Two Finished Projects

When I was homeschooling, I tried to make time for sewing, and sometimes I actually got some, thanks to my husband who watched the kids so I could sew uninterrupted. Back then, I promised myself that my post-homeschooling life would include plenty of sewing. And so it does!

Here’s what I made in July and August (machine-pieced, machine-quilted):

Stretched Stars

Stretched Stars

I also finished a project I began last fall, and worked on while watching DVDs with my husband in the evenings:

Embroidered pillow (downloadable pattern from www.connectingthreads.com)

Embroidered pillow (downloadable pattern from www.connectingthreads.com)

Both were fun projects. I have more quilts on the way but haven’t found a new hand-stitching project yet.

Overstock Sale! Save 75% off Guide to Homeschooling in print

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My book,The Imperfect Homeschooler’s Guide to Homeschooling (retail $11.95), is on sale for just $2.99 in print! That’s a 75% savings….click HERE to snag a copy.

Prefer eBooks? We’ve put the eBook on sale for $2.99, too. It’s available at Amazon for the Kindle and at Barnes and Noble for the Nook.

Are Introverted Children Being Drugged?

In light of my recent (see archives for March and April 2014) series on introverts, I’d like to add this article, which speculates that introverted children are being misdiagnosed as having special needs or even being mentally ill, when in reality there’s nothing wrong with them. Worse, parents are most often the ones pushing for medication for their children who don’t fit the prescribed mold.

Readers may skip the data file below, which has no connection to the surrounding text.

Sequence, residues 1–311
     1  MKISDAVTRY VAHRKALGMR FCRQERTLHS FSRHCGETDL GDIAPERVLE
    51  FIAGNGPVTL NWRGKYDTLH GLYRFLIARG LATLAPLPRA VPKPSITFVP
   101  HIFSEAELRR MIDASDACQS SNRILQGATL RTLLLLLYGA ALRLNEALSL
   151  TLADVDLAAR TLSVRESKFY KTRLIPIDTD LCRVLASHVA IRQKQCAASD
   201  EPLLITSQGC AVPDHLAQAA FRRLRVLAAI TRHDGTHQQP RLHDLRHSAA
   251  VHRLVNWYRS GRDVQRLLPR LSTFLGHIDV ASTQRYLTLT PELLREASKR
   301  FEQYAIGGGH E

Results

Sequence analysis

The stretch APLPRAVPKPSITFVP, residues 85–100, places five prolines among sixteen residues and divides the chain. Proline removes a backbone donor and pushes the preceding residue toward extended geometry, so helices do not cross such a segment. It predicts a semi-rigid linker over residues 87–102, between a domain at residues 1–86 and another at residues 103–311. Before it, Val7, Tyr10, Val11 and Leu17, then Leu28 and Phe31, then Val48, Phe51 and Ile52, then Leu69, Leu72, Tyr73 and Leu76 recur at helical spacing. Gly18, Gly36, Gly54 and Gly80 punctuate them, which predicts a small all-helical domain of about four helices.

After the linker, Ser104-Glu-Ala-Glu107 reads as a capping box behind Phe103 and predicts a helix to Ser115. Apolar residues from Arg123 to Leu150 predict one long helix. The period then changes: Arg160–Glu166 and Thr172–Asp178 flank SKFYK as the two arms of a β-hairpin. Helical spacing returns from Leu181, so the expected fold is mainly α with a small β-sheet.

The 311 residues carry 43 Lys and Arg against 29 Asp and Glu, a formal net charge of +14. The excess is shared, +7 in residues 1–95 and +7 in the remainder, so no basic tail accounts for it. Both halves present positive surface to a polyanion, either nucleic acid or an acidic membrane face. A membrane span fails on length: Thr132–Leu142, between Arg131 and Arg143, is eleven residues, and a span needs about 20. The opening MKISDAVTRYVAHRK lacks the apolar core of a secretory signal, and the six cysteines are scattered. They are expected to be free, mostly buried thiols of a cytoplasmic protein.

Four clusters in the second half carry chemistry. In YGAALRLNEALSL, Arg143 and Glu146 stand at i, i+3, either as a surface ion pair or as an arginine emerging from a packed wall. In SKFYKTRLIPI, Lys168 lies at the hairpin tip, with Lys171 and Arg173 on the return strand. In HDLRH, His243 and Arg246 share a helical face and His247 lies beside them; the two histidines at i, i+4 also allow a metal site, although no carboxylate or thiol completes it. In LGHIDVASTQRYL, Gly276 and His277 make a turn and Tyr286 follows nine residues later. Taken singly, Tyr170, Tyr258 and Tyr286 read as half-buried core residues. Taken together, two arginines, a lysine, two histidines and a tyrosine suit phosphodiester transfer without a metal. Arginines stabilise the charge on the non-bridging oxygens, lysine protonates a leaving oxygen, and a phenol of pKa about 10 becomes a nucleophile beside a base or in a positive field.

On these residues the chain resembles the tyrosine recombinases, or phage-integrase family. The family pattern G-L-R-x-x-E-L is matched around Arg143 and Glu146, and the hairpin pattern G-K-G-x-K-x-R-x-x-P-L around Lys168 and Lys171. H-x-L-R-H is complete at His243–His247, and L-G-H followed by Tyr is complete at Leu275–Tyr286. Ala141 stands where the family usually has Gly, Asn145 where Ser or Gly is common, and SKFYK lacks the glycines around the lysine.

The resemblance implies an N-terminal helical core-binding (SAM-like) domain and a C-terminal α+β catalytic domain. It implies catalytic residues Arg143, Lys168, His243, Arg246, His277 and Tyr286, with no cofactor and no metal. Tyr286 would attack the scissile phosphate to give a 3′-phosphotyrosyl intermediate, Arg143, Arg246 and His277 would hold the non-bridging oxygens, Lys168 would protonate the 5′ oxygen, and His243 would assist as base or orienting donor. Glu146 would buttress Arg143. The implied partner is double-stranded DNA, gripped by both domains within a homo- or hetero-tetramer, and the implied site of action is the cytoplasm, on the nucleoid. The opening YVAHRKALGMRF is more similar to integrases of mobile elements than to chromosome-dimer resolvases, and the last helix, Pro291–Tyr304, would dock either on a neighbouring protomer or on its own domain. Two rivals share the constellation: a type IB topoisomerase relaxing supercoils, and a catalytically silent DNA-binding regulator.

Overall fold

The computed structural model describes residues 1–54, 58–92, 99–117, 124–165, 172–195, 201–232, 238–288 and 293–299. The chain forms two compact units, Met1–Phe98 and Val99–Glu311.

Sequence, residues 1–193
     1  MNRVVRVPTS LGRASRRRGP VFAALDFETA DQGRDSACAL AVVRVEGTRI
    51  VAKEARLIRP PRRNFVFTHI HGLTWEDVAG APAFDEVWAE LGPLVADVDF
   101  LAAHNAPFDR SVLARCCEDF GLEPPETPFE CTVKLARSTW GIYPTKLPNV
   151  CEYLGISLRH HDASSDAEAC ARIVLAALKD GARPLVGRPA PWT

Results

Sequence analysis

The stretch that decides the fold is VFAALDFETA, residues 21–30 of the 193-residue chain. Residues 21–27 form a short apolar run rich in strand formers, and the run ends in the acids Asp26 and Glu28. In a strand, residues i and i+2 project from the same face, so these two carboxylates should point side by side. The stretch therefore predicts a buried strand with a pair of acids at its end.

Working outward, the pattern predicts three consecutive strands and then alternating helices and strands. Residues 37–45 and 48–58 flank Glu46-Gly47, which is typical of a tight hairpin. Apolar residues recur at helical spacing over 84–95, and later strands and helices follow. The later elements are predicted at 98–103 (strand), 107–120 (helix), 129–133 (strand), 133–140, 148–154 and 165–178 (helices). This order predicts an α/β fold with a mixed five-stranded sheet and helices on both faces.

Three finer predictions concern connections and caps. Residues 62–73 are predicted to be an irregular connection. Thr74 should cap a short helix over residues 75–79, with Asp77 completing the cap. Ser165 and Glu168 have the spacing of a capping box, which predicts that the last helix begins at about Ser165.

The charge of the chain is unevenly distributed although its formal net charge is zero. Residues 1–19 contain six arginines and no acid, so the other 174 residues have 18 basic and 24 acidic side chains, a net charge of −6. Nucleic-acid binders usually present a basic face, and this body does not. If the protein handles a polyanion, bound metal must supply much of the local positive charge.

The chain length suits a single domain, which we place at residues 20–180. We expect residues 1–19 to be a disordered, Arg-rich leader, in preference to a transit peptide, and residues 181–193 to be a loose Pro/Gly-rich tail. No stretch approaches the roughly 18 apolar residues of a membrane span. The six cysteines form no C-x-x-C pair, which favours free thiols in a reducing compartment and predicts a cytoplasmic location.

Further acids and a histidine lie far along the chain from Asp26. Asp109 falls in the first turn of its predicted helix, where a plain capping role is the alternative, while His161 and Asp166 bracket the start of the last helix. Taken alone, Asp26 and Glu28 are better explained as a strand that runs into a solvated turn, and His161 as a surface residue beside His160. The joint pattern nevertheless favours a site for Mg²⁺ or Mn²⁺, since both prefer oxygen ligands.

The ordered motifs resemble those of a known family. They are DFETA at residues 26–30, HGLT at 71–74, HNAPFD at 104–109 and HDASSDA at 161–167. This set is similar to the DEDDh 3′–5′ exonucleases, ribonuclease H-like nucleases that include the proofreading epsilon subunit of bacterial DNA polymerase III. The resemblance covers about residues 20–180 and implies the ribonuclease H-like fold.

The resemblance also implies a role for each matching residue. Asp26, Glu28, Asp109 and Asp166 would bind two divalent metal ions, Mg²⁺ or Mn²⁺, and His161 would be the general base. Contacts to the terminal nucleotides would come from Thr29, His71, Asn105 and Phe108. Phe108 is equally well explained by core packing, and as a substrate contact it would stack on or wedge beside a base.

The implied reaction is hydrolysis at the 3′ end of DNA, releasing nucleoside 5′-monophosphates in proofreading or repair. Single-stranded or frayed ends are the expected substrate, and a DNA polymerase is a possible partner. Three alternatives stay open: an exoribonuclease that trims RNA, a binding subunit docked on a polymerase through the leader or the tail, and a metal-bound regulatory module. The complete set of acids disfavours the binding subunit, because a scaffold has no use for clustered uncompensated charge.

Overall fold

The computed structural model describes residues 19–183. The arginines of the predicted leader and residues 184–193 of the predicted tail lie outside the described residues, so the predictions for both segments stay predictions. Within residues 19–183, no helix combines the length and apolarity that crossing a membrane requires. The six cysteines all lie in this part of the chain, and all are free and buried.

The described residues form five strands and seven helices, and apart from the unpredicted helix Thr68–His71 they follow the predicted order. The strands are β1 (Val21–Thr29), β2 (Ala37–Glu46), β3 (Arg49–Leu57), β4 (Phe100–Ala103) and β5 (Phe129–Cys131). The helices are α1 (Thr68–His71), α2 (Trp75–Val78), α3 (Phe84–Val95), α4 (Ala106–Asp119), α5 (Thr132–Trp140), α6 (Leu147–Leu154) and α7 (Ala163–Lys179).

How awful for these children! As one commenter put it:

I’m shy and bookish I’m not mentally ill I’m introvert living in a extroverts world.

Pre-Teens, Internet Access and Attempted Murder

A tragedy just occurred in a town not far from here. Two 12-year-old girls played out a terrible fantasy based on a website they often visited that resulted in them luring their 12-year-old friend into the woods and stabbing her: she survived but is clinging to life.

The owner of the website denies that it’s anything but a literature site. But according to the two girls, it propelled them to do something very evil.

Some people are going to say that the website should be shut down. Others will say that it was never meant for children in the first place.

But the bottom line is that these girls had access to the site. Their parents may not have even known about the site, because thanks to today’s technology, anyone can have easy and private access to anything on the Web.

It seems so long ago that we had a computer set up in our dining room, where we could supervise Internet surfing and thus allowed our children limited access to the Internet. As they grew older, they could afford their own computers in their own rooms. At that point, we could no longer see what they were accessing, but they were nearly adults by then and we had to trust them.

Now, young children have total access to the Internet, and to the many good and bad things available on it. Kids are being bullied on Facebook and other social sites. Some have committed suicide because of that.

Once, it was considered entirely reasonable for parents to strictly limit their children’s intake of all forms of media, and even of books they considered inappropriate. But since the ascent of the Internet, it seems that most kids are allowed free access to anything they can find. And now we’re seeing the sad results of that policy.